Researchers at the University of Glasgow have used graphene to develop a robotic hand with solar-powered skin, which may open the door to the development of prosthetic limbs or robots with a sense of touch.
The team created the skin with the help of a single atomic layer of graphene, in a method that includes integrating power-generating photovoltaic cells into the electronic skin. The scientists say that “Whatever light is available, 98 percent is going and hitting the solar cell”, explaining that a solar panel is located just under the surface of the clear graphene skin. “it is generating power that can be used to get the sensitivity, the tactile feeling”.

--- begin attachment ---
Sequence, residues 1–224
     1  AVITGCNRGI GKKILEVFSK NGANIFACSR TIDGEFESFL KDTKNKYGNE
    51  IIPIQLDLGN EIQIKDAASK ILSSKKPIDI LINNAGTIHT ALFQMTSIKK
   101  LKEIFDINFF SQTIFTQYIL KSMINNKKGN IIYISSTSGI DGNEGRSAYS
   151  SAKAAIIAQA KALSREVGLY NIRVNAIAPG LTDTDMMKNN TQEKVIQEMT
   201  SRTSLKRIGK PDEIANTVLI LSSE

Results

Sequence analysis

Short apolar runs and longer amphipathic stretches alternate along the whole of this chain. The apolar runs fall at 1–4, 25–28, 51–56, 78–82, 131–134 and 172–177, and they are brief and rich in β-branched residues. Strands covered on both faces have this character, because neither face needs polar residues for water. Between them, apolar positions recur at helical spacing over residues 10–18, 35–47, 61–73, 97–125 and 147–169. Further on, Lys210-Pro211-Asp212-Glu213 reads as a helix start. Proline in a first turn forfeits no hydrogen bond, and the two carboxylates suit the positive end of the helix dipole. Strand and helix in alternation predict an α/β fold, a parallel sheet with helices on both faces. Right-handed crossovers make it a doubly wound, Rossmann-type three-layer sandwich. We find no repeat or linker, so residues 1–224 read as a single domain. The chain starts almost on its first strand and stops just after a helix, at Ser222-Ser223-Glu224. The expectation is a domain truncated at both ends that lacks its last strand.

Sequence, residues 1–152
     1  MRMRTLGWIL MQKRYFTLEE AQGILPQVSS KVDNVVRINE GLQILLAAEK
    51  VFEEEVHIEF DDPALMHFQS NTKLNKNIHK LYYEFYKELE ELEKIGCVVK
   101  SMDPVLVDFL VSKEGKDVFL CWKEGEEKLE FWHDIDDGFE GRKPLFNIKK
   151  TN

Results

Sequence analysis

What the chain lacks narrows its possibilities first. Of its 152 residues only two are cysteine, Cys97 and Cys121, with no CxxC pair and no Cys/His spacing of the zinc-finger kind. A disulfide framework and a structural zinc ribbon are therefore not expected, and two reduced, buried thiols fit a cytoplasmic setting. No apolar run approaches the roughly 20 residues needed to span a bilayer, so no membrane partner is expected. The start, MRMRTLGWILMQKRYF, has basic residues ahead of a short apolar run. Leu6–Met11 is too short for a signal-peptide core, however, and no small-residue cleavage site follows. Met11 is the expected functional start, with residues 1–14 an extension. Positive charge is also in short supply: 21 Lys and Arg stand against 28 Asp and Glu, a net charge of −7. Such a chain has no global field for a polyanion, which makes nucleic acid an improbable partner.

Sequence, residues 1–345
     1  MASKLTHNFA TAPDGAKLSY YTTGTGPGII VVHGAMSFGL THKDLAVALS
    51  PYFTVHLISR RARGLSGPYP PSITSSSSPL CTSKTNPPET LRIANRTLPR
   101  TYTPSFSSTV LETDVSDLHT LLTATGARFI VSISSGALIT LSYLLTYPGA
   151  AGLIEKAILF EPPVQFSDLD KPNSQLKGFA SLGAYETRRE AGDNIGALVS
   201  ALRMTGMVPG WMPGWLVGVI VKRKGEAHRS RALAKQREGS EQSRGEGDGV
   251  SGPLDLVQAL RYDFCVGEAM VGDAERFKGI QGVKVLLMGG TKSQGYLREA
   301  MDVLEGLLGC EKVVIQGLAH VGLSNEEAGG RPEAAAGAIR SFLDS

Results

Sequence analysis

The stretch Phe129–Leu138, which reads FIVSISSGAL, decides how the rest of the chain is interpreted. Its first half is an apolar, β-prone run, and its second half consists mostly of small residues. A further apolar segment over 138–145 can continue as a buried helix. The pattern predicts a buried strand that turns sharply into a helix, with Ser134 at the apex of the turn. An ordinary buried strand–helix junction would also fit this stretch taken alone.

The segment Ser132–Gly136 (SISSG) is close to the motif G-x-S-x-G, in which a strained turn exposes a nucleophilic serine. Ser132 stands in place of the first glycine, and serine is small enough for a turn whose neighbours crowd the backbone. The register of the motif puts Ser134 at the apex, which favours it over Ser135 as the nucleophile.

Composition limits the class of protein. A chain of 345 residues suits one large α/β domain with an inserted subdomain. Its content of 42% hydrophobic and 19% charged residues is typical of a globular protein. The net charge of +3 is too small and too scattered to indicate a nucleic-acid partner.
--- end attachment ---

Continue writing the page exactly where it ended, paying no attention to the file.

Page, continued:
Smart prosthetic hands, in particular, can already reproduce many mechanical properties of human limbs and giving them a skin-like sense of touch would make them even more useful for amputees. Touch-sensitive electronic skin could also be used in robots to give them a more human look and feel, and to enhance performance and help them detect potential dangers when interacting with humans.